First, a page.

Are you making this blurb writing mistake?

blurb writing

The blurb of your book is arguably one of the most important pieces of writing you’ll do for your book. If you’ve done a great job, the short description that goes on the back cover and the sales page will capture readers’ attention and convince them your book is exactly what they want to read right now.

If done wrong, the blurb will make readers decide not to take a chance on your book and read something else instead.

There are many mistakes to avoid when writing your book blurb, e.g., writing an overly long summary of the entire book, but I won’t dive into that in this blog post.

Instead, I’ll focus on one little thing that will make me as a reader give a book a hard pass: punctuation mistakes in the blurb.

I know a misplaced comma sounds minor, but if the author can’t get the details right in the blurb, I don’t trust them to get the big-picture things in the novel right either. The devil really is in the details.

 

Examples of comma mistakes in book blurbs

Here are a few examples from blurbs I’ve seen lately. I have rewritten them a bit to protect the not-so-innocent. See if the puncutation in these blurb opening sentences makes you pause too.

 

Example 1: 

Adrenaline-addicted ER physician, Ben Harrington, has no intention of ever returning to his hometown.

 

Example 2: 

No-nonsense single mom, Vivian Taylor, is desperately trying to find a suitable babysitter for her three-year-old daughter Lula.

 

Example 3: 

The life of accountant, Amy Murphy, is predictable, and that’s the way she prefers it.

 

So, what’s wrong with the commas in these blurbs? Well, most of them aren’t necessary. Let me explain.

 

Essential vs. nonessential appositives

An appositive is a noun or a noun phrase that precedes or follows another noun and gives readers more information about it.

Example:
Tom’s sister, a trauma surgeon, lives in Canada.

 

Blurbs often include appositives because we’re trying to give readers a lot of information about our characters within just a few sentences.

However, there are two types of appositives, and only one of them requires commas.

Appositives can either provide information that is essential to the meaning of the sentence or additional information that isn’t really needed to make sense of the sentence. In the example above, we have a nonessential appositive because we don’t need to know what job Tom’s sister has. It’s additional information that could be taken out. The sentence (Tom’s sister lives in Canada) is complete without it.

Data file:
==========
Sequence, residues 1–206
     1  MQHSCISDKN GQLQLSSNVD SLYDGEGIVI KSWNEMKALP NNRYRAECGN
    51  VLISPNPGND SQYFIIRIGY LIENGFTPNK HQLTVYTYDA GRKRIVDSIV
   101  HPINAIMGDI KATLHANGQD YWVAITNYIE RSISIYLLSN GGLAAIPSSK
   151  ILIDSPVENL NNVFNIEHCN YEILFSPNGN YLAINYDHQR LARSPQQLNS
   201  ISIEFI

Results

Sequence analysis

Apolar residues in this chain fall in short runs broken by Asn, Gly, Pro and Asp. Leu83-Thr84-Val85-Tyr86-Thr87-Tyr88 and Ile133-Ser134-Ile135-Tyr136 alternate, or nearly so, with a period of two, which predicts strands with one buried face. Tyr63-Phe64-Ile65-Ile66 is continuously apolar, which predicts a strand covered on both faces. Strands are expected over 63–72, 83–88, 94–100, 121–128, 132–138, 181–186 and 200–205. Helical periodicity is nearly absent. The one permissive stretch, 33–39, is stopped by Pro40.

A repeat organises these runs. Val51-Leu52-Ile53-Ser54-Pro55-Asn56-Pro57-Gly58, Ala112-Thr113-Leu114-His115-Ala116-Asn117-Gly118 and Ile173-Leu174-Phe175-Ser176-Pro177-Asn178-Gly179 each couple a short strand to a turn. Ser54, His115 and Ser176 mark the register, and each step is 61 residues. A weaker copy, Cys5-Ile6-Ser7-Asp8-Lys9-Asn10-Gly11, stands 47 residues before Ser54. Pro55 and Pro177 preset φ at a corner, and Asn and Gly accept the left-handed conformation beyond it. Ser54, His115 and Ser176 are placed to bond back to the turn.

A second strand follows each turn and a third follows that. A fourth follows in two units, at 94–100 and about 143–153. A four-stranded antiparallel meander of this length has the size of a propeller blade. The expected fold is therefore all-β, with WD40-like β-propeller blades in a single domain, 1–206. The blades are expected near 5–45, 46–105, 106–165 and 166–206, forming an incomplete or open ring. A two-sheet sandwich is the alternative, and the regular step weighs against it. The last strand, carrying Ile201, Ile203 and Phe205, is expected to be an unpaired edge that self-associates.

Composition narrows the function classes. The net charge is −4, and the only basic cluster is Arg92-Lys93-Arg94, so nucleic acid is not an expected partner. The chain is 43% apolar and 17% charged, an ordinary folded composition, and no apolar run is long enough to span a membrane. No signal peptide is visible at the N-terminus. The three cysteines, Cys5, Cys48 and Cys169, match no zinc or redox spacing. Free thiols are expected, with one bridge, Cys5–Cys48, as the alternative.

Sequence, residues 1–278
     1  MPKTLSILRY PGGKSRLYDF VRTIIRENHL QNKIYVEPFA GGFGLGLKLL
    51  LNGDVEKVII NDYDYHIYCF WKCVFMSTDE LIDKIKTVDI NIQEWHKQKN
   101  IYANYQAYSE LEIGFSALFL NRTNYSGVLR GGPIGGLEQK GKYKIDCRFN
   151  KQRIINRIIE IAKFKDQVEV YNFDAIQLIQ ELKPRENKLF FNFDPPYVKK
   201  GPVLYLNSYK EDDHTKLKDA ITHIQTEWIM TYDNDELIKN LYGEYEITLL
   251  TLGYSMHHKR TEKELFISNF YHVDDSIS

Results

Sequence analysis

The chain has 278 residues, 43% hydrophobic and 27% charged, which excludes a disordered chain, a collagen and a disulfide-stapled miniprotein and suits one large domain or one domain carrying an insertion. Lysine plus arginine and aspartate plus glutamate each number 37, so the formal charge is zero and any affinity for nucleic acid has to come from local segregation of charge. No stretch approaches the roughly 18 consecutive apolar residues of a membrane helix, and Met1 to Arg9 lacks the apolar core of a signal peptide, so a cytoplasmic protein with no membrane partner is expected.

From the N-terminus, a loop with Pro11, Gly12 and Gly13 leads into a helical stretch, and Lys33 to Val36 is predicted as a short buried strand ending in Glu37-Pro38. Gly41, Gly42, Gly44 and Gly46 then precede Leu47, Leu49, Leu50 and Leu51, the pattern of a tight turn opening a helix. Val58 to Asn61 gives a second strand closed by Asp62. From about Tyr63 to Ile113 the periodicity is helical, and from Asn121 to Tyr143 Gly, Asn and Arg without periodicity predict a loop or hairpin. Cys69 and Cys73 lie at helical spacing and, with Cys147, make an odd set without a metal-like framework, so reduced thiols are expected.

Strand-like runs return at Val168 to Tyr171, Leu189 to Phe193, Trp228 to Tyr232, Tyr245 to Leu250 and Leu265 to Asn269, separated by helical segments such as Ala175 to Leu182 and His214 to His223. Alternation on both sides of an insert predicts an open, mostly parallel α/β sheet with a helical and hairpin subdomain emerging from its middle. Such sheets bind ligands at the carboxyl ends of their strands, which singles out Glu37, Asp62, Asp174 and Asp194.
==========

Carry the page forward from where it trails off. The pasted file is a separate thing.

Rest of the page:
Nonessential appositives are set off by commas, while essential appositives don’t require commas.

Example:

Lisa’s best friend, Jane, is a social worker.

Tom’s friend Blake is a social worker too.

Since Lisa probably only has one best friend, her name is additional, nonessential information, so we set it off with a pair of commas.

In comparison, we need the name of Tom’s friend to understand what character we’re talking about because Tom probably has more than just this one friend. So his name is essential information, which isn’t set off with commas.

 

An easy rule of thumb to help with commas in your blurbs

So when you are deciding whether the appositives in your blurb need commas or not, always ask yourself: Is your character the only friend/physician/single mom, etc.?

If the answer is yes, you need commas. If the answer is no, leave out the commas.

 

So the opening sentences of the blurbs above should be:

Adrenaline-addicted ER physician Ben Harrington has no intention of ever returning to his hometown.

Ben likely isn’t the only adrenaline-addicted ER physician, so we need to know his name to know who the sentence is talking about. It’s essential information, so no commas required.

 

No-nonsense single mom Vivian Taylor is desperately trying to find a suitable babysitter for her three-year-old daughter, Lula.

Vivian isn’t the only no-nonsense single mom, so her name is essential information, and you wouldn’t use commas. However, unless she has several three-year-old daughters, the name of her daughter is set off with a comma.

 

The life of accountant Amy Murphy is predictable, and that’s the way she prefers it.

Amy isn’t the only accountant in the world, so again, her name is essential to understanding the sentence, and you wouldn’t use commas to set it off.

 

Example for a nonessential appositive in a blurb:

Seattle General Hopsital’s chief of the ER, Alyssa Zhao, is struggling with the loss of a patient.

Since Alyssa is Seattle General Hospital’s only chief of the ER, we don’t really need to know her name for the sentence to make sense. It’s nonessential information that is set off with a pair of commas.

 

I know that was a lot of grammar, but I hope it will help you write a blurb that will make readers pause in awe and click “buy” instead of pausing because they are puzzled by your comma usage.

 

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